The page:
Over the summer, I sent inquiring emails—to no end. In the fall, I requested (and had) a special meeting with high-ranking officials in CAL FIRE and State Fire Training—to no end. In November, I warded off a PR campaign by my frustrated colleagues who had taken the course and heard nothing since. In December, I deflected emails from several reporters who wanted to understand why the state of California, which has touted so much progress on prescribed fire, still hasn’t certified any private burn bosses. I was guarding my state partners—giving them the time they needed to make things right.

But after texting with Liz Weil, and in brainstorming for this blog, I decided to take off the filter and speak the truth. My colleagues were right—I was being too nice. Too optimistic that the state would come forward and honor the program’s intent. Naïve in my hope that these state officials might all load into a 1970s International Travelall, drive out to a community-led prescribed burn, and have some kind of cultural revelation about non-agency people really being part of the solution.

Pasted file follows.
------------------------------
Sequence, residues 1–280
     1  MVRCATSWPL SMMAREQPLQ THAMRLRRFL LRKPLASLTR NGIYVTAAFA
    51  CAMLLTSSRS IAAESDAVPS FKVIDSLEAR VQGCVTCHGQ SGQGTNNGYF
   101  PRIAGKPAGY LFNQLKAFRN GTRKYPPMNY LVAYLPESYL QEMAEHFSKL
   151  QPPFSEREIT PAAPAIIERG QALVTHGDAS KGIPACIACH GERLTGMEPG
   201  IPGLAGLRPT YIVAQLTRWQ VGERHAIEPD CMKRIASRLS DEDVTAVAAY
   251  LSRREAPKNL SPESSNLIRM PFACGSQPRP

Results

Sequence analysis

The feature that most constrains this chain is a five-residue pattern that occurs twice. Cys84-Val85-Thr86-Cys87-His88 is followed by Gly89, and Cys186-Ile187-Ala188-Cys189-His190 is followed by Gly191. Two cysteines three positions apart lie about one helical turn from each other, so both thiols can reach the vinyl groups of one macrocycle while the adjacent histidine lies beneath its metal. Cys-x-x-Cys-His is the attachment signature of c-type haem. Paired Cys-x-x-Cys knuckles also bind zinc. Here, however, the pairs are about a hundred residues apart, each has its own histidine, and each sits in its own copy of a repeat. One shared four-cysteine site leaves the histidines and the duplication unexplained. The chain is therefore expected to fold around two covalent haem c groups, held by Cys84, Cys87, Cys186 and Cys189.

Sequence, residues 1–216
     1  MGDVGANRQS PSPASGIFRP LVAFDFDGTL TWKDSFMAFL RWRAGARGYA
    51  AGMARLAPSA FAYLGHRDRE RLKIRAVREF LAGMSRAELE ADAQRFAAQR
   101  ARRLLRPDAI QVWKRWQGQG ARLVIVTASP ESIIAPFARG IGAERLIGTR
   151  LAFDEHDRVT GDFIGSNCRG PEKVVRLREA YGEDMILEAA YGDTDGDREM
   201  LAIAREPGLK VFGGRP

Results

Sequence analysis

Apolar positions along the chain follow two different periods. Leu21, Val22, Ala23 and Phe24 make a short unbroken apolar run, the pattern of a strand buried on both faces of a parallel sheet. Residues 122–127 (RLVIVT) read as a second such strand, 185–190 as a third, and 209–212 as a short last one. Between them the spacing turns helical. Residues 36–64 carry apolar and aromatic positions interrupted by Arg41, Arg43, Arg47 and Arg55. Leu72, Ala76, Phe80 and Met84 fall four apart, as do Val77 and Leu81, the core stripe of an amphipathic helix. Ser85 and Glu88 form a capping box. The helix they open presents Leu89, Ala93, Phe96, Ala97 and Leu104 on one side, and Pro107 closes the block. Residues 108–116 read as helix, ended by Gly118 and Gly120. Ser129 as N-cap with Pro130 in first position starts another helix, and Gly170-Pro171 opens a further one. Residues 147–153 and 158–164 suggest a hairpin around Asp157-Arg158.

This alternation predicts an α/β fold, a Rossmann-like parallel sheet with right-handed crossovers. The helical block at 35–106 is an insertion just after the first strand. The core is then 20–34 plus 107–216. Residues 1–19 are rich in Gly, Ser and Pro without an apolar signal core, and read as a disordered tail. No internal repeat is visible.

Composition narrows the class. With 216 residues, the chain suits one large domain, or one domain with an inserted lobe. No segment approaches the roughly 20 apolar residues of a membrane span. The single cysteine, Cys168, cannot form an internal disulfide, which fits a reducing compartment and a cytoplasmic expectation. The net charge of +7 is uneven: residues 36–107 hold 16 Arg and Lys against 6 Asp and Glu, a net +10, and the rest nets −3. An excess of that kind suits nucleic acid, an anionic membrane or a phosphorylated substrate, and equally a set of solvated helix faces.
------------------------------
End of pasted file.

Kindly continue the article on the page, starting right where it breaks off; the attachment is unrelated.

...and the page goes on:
I wish I had space to tell you about that first group of state-certified burn bosses: people like Jim Wills and Deborah Mayer, who worked full careers in fire and have been bossing burns for longer than most firefighters have been alive; or people like Sarah Gibson and Andres Avila, who work with local fire departments and are eager to lead burns and protect their communities. (Sarah was featured in this short New York Times video about the burn boss program earlier this year.) Then there were tribal burn bosses, community fire leaders and other retired and current fire professionals—it was an impressive group.